I understand where the person is coming from, but I would be hesitant to call that cissexual privilege. I try to only use the term with regards to social and legal legitimacy (e.g., that cis people’s legal sex & gender identities are taken for granted and considered valid in a way that trans people’s are not). In those cases, there is a blatant societal double-standard at work, and cis folks should be made aware that they are taking something for granted that others cannot.
But once we get into issues of biology or bodies (rather than the rights and entitlements associated with them), things become more fraught. For example, I have white privilege, not because my skin has less pigment than people of color, but because my whiteness enables me to not have to face racism on a day-to-day basis. I have able-bodied privilege, not because I can see or walk "just fine", but because (in a society that presumes that everyone can see signs or walk up a flight of stairs if necessary) I don't face the same obstacles or barriers in my day-to-day life that differently-abled people do.
Sometimes, when other women I know are complaining about their periods or pregnancies, I get really sad. While I certainly don’t doubt that those experiences are painful and difficult, I feel a sense of loss about not having the opportunity to choose to bare a child if I wished. (I’m not sure that I would want to do that if I were able, but it would be nice to have that option available to me). I have a cis female cousin who had very irregular periods her whole life and who was distraught to find out as a young adult that she couldn’t bare children (she & her husband eventually adopted after years of infertility treatment attempts). While we’ve never talked about it, I’m sure we both relate to our similar situations in very different ways. For me, it’s wrapped up in my sadness about not having been born female. For her (being socialized female), it’s more likely tied to her having imagined since she was a child that someday she’d become pregnant and have her own children.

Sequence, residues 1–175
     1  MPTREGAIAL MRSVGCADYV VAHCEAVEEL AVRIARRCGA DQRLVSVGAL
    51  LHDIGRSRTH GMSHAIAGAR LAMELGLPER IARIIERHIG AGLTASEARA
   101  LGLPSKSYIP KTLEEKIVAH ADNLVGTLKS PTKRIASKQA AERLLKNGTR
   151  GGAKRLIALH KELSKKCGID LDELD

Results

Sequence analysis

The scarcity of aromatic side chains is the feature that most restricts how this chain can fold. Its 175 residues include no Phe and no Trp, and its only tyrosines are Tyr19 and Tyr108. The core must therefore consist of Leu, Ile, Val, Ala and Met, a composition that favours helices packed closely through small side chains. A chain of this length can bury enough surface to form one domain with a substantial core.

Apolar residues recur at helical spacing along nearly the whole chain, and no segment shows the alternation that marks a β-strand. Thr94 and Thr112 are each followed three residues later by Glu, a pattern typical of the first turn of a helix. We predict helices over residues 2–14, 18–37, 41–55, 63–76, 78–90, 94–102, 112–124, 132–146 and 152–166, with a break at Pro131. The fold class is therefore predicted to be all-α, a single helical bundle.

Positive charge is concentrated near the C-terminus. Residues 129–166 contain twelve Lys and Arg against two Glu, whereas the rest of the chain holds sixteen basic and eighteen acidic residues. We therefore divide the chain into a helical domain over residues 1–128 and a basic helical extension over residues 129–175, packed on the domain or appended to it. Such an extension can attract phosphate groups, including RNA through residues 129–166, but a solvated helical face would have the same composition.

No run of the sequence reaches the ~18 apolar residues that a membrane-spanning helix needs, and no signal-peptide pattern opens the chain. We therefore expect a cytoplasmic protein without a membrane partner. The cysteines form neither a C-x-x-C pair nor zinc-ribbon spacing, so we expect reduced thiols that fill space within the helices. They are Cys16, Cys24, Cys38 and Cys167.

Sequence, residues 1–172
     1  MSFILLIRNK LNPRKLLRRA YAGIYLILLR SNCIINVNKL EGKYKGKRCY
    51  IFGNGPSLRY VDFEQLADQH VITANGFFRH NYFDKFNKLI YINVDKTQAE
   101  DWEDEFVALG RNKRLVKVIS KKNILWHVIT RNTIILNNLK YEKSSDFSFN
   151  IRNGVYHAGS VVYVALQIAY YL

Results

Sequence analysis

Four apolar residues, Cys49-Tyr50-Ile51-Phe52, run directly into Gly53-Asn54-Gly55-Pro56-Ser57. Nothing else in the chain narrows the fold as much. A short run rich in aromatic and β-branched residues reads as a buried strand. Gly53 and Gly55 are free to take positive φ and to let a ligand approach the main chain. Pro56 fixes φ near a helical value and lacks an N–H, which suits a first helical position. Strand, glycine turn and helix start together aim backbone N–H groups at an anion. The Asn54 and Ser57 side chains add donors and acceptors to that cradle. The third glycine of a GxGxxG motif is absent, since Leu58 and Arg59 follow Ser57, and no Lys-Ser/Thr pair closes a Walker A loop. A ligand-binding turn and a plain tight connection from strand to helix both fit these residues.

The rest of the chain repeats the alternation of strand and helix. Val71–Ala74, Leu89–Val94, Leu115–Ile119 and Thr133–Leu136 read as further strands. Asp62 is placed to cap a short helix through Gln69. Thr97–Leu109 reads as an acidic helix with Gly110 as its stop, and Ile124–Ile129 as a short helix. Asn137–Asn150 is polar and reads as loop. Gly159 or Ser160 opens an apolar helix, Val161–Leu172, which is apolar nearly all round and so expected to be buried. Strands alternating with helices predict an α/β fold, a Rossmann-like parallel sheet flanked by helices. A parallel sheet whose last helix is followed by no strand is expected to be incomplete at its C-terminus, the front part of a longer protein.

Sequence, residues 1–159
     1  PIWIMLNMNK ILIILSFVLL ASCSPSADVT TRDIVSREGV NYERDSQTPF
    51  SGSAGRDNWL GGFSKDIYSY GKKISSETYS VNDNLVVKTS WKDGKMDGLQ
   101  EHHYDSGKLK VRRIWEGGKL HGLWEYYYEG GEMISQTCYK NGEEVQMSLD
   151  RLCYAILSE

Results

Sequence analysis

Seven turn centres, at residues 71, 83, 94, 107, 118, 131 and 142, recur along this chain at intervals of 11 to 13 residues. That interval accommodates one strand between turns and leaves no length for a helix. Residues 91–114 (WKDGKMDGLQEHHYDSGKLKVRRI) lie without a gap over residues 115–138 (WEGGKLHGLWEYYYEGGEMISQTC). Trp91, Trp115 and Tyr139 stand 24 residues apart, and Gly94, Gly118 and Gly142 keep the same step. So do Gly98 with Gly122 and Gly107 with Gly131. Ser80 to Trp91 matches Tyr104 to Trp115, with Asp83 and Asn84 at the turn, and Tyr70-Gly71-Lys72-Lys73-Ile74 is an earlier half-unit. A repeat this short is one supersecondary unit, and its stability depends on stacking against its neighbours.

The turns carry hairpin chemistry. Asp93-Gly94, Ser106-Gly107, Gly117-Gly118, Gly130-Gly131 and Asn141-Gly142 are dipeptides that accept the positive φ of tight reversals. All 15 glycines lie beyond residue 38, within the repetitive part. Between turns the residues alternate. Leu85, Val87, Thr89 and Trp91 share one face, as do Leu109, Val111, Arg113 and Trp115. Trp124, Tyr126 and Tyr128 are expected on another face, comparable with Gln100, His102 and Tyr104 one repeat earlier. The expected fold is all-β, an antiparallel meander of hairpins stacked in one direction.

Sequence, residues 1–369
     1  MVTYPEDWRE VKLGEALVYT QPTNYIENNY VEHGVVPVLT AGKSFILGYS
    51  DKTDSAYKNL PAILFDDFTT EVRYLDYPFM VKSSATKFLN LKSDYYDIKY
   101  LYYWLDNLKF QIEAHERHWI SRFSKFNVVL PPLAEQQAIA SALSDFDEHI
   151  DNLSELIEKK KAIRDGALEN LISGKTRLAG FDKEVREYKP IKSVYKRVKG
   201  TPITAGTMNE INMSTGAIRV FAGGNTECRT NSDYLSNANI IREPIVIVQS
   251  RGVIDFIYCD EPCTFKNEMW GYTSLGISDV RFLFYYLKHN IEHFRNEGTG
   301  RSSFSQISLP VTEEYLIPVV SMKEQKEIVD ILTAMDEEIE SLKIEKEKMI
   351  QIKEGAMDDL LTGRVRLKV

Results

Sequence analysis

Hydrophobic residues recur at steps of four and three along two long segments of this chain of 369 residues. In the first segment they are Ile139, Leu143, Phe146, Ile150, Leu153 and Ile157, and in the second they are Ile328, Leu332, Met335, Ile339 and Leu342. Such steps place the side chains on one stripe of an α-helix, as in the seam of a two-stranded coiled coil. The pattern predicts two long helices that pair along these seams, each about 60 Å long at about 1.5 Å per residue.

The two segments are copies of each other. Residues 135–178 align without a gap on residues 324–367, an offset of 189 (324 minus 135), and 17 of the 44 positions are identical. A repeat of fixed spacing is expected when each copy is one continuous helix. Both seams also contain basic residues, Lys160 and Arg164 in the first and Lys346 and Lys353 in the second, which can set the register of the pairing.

Both of us are biologically unable to have regular periods or get pregnant. Both of us experience sadness and loss at the fact that we have been denied something that other women take for granted. But to say that people who properly menstruate have cis privilege, or menstruation privilege, plays into a kind of pathologizing mentality. It plays into the idea that my (and her) body is intrinsically “wrong” while other bodies are “right.” I know some trans people see things that way, but I find that disempowering. I wish I had been born female and that I could menstruate, just like I wish that I didn’t have skin cancer two years ago, or that I wasn’t hypothyroid, or that I wasn’t on the verge of needing bifocals (and I’m only 41 for Christsakes!), etc. But I don’t feel like I was denied any privileges because my body isn’t the way that I wish it was. It only becomes about privilege when I am deemed inferior or less legitimate than other people because of my body and situation.